U.S. Women's Soccer Team Is Finally Allowed to Play In Decent Venues, Just Like the Men's Team

U.S. Women's Soccer Team Is Finally Allowed to Play In Decent Venues, Just Like the Men's Team

It’s been over a year since the US Women’s National Team filed a pay discrimination lawsuit against the US Soccer Federation and the suit has been moving through the court system at the speed of a one-legged turtle. The suit, filed in March of 2019, claimed the USSF had discriminated against the women’s team because of their gender, resulting in unequal pay and unequal working conditions compared to their co-workers the US Men’s National Team. In May, a California judge issued a partial summary judgment, removing the pay discrimination claim from the suit, arguing that because the women’s team made more money than the men’s team in 2019 no gender-based pay discrimination took place. (This, of course, did not factor in that the women won the World Cup that year and spent more time working than the men).

But on Tuesday, the two sides announced that a settlement had been reached on the remaining portion of the suit which claimed the women had been subjected to lesser, unequal working conditions up to and including, flights, venues, support, and hotel accommodations when traveling. The Athletic reports that under the terms of the settlement, “There will be an equal number of charter flights between the men’s and women’s teams, in addition to comparable hotel budgets and an equal number (between 18-21) of support staff. There are also new guidelines on venue selection (though sealed in the filing) with requirements for both teams’ matches to be played on grass in almost all cases.”

While playing on grass may seem like a strange ask to make when stating a case for equality, the agreement to no longer schedule women’s games on artificial turf is enormous. The difference between taking a fall on turf and taking a fall on grass is a season-ending injury versus a few minutes of stoppage time in a single game. Megan Rapinoe, a named plaintiff in the lawsuit wrote about tearing her ACL in a training session on a substandard grass pitch in the lead up to a game against Trinidad and Tobago in her memoir, One Life. When the US team found out that games was going to be played on turf they refused to play over concerns of further injuring players, stating that the field Rapinoe had been injured on and the field scheduled for the game were “equally poor.”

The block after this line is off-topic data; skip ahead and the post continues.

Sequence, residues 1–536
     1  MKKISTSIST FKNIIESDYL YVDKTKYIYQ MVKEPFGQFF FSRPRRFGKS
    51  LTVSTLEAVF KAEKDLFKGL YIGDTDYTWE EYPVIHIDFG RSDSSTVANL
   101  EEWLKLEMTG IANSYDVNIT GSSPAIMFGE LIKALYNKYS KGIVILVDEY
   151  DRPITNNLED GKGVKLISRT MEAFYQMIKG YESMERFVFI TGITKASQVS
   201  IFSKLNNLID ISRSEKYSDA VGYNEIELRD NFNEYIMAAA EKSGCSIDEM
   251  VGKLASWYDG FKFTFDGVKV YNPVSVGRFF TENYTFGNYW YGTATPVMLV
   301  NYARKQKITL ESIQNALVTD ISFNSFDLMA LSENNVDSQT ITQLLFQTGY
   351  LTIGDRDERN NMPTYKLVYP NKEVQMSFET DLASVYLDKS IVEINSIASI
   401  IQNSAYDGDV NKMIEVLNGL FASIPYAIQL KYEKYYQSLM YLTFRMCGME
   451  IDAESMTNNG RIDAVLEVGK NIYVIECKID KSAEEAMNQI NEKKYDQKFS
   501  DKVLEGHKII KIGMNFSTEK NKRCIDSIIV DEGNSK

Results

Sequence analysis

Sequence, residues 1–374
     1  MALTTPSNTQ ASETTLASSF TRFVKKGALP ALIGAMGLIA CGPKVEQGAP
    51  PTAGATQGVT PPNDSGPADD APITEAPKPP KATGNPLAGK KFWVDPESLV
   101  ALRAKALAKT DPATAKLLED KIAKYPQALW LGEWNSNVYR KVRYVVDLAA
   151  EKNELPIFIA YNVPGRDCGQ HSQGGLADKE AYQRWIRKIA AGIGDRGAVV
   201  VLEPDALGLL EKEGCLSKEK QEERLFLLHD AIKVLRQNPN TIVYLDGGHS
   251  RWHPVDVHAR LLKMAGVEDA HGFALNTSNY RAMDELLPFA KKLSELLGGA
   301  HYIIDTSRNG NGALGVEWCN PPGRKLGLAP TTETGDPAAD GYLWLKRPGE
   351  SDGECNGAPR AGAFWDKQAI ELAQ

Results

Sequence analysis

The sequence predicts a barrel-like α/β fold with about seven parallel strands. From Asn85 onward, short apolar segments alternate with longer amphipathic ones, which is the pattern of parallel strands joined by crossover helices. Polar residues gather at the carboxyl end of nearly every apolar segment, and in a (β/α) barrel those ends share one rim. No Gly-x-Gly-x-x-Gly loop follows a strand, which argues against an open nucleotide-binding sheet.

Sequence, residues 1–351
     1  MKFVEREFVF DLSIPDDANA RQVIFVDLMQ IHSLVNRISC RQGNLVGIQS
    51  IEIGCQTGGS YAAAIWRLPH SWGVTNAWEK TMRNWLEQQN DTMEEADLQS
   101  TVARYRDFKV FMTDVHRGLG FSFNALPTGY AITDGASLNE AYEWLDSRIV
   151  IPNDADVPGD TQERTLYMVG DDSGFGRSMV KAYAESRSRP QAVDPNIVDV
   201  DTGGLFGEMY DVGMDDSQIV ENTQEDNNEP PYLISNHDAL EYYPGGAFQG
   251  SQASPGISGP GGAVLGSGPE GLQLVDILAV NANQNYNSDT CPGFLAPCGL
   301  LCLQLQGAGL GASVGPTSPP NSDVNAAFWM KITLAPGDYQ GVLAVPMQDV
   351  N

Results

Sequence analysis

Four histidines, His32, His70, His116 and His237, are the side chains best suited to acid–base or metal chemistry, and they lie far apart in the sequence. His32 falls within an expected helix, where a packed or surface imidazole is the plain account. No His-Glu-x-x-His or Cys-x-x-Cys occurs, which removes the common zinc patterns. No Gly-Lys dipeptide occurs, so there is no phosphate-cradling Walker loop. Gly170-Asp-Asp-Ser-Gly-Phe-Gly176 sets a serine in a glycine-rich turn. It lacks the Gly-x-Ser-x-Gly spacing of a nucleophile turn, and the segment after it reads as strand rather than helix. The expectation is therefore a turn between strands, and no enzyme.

Being allowed to play on a grass field shouldn’t be such a momentous victory and yet here we are, soccer fans salivating over the fact that we can put the turf discussion to bed. But the women’s team doesn’t rest on small victories. Following the announcement of the settlement, the players’ spokesperson Molly Levinson said in a statement that the team would be filing an appeal on the May partial summary judgment adding, “the central fact in this case [is] that women players have been paid at lesser rates than men who do the same job.”

Meanwhile, in November the USWNT had a friendly against their 2019 World Cup nemeses, the Netherlands, and won. The men’s national team also had a win in November—against Panama, a team that hasn’t made it to the finals of the World Cup *checks notes* ever. Equal work for equal pay, right?

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